MWCD Handbook on Sexual Harassment
The Ministry of Women and Child Development, with respect to the Sexual Harassment of Women at Workplace (Prevention, Prohibition and Redressal) Act, 2013 (“the Act”), which turned two on 9th December, issued, on the same day, a ‘Handbook’ on the Act (“Handbook”) which, inter alia, states the following:
Every woman has right to safe workplace: The Act recognizes the right of ‘every woman’ to a safe and secure workplace environment and states that all women whether working (in any capacity) or visiting a workplace shall be eligible to file a complaint against sexual harassment at workplace. It includes women engaged through a contractor with or without the knowledge of the principal employer.
Sexual harassment is subjective: It states that sexual harassment is subjective and that ‘it is the impact and not the intent that matters’ and ‘almost always occurs in a matrix of power.’ To this effect, the Ministry has sought to recognize and differentiate between the impact on a person as a result of welcome and unwelcome behaviour. Among other things it has stated that while unwelcome behaviour is one-sided, power-based, unwanted and invading, welcome behaviour is reciprocal, equality based, wanted and open respectively. It has also provided a list of examples of negative impact on a victim of sexual harassment.
Each case of sexual harassment is unique: Each case is unique and must be examined in its own context.
Policy on sexual harassment must have certain details: the Handbook provides that a policy must (a) prohibit unwelcome behaviour (b) champion prevention of sexual harassment and (c) must provide detailed framework for redress.
Content of complaint: Handbook clarifies that the complaint has to be written and states the details that a complaint must contain.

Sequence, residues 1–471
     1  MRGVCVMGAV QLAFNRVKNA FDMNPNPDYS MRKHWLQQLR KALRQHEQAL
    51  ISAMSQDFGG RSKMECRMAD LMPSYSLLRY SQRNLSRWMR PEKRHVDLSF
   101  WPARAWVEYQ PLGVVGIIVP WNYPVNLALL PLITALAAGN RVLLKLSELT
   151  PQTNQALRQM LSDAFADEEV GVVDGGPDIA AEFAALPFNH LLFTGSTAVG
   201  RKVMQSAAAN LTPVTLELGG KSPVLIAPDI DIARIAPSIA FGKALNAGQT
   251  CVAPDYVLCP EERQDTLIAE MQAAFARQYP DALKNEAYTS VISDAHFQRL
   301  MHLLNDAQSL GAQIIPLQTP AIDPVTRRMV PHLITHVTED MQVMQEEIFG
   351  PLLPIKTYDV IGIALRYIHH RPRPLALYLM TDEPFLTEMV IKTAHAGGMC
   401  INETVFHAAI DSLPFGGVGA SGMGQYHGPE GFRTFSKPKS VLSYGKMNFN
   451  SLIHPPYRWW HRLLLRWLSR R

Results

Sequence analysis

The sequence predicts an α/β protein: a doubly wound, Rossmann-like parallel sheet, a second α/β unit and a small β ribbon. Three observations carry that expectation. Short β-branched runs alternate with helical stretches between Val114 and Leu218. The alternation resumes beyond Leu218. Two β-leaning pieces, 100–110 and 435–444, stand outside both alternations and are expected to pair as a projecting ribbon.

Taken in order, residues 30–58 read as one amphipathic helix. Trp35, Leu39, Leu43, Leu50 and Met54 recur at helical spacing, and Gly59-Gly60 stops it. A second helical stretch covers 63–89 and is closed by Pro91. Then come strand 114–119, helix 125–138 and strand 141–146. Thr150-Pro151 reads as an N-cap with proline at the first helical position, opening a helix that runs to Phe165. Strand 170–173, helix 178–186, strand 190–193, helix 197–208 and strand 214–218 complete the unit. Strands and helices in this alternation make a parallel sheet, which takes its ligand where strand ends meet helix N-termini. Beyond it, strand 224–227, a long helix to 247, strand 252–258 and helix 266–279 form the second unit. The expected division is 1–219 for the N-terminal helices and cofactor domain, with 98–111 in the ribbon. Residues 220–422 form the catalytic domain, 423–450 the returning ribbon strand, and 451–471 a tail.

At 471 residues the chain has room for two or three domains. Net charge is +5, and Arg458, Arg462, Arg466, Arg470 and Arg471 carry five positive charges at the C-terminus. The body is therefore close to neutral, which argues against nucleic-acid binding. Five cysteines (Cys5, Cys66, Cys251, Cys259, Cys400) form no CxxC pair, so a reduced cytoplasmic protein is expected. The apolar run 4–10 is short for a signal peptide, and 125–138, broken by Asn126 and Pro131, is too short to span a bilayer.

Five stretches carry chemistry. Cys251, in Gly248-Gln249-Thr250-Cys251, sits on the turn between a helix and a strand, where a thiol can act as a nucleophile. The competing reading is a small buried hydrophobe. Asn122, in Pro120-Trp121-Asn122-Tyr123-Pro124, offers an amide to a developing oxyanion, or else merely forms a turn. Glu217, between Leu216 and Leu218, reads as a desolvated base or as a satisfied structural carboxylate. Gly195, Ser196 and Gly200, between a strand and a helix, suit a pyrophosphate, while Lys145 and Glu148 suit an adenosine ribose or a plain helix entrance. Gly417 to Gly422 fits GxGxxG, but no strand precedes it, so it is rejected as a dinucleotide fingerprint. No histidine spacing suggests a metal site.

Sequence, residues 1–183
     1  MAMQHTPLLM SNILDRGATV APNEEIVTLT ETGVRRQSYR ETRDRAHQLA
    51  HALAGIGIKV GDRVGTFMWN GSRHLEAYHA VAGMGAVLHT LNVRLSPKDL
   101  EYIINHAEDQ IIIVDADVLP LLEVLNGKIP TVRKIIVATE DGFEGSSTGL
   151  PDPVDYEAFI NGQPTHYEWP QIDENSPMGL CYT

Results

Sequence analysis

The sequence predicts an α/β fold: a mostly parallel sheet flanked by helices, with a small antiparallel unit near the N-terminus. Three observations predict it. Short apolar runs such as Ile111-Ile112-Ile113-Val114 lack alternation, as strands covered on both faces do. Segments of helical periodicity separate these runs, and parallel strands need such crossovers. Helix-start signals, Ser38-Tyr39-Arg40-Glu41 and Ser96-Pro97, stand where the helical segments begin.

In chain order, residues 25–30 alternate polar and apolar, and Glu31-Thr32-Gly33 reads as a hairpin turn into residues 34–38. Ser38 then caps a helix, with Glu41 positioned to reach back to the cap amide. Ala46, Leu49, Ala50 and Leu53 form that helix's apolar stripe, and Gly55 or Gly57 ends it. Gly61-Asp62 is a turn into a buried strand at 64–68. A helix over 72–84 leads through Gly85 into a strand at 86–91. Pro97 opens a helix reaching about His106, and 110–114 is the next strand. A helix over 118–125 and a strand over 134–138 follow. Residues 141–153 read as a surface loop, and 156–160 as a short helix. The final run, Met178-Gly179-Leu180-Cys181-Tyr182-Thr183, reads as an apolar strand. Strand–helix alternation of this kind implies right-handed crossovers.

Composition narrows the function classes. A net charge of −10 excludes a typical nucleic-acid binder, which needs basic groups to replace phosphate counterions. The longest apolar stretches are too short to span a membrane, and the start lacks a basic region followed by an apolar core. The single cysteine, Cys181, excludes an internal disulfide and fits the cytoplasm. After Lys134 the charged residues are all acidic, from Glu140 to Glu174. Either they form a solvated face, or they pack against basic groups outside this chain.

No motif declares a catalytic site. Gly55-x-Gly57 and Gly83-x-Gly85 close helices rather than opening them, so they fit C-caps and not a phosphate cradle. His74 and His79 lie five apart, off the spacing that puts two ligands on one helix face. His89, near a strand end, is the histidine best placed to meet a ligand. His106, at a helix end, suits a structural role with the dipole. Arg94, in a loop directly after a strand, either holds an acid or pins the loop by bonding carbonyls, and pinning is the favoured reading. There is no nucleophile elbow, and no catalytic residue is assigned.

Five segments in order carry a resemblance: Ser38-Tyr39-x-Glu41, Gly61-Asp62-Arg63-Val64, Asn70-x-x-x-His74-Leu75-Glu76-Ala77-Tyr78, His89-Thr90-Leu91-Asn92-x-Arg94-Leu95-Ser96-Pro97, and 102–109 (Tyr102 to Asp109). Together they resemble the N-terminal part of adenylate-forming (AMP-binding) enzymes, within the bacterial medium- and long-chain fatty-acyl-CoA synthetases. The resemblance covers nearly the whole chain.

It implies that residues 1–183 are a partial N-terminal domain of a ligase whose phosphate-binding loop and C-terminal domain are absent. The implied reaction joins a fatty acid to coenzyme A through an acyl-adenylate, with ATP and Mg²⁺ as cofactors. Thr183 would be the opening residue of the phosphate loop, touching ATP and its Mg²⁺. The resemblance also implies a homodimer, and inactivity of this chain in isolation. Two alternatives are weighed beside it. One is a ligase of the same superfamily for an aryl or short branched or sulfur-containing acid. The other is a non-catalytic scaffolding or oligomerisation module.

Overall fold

Do’s and Don’ts for Complaints Committees: The Handbook provides details with regards to the knowledge, skills and training that a complaints committee must have. It also provides the ‘Do’s and Don’ts’ for the complaints committee. It includes detailed steps on addressing a complaint of sexual harassment at workplace and the elements of behaviour that a complaint needs to satisfy. The interviewing tips, process of inquiry and a complaints committee checklist offered in the Handbook also seem to be very helpful.
Penalty for Employers: the provisions under the Act with respect to the filing of reports by complaints committee to the employer and by the employer, in turn, to the district officer seemed to be ambiguous. However, the Ministry has clarified in the Handbook that ‘the report of ICC will be forwarded to the DO through the employer’ and failure to do so shall attract penalty of Rs. 50,000 or cancellation of license in accordance with provisions of the Act.
Expectation of a trained ICC: It states that one has a right to expect a trained, skilled and competent complaints committee, a time bound process, information confidentiality, assurance of non-retaliation, counselling or other enabling support needed and assistance if complainant opts for criminal proceedings.
Provides examples: The Handbook also provides a list of several examples of behaviour which may directly constitute sexual harassment at workplace, which may indicate underlying workplace sexual harassment and merit inquiry (which includes behaviour such as unjustifiably monitoring everything that is done, unjustifiably removing areas of responsibility etc.) and examples of behaviour which may not constitute sexual harassment (which includes following up on work absences etc.)
The Handbook lists down several rights that a complainant and the respondent have and highlights the responsibilities of a complaints committee. It also has many scenario based examples for easy understanding.
Click here to view a copy of the Handbook.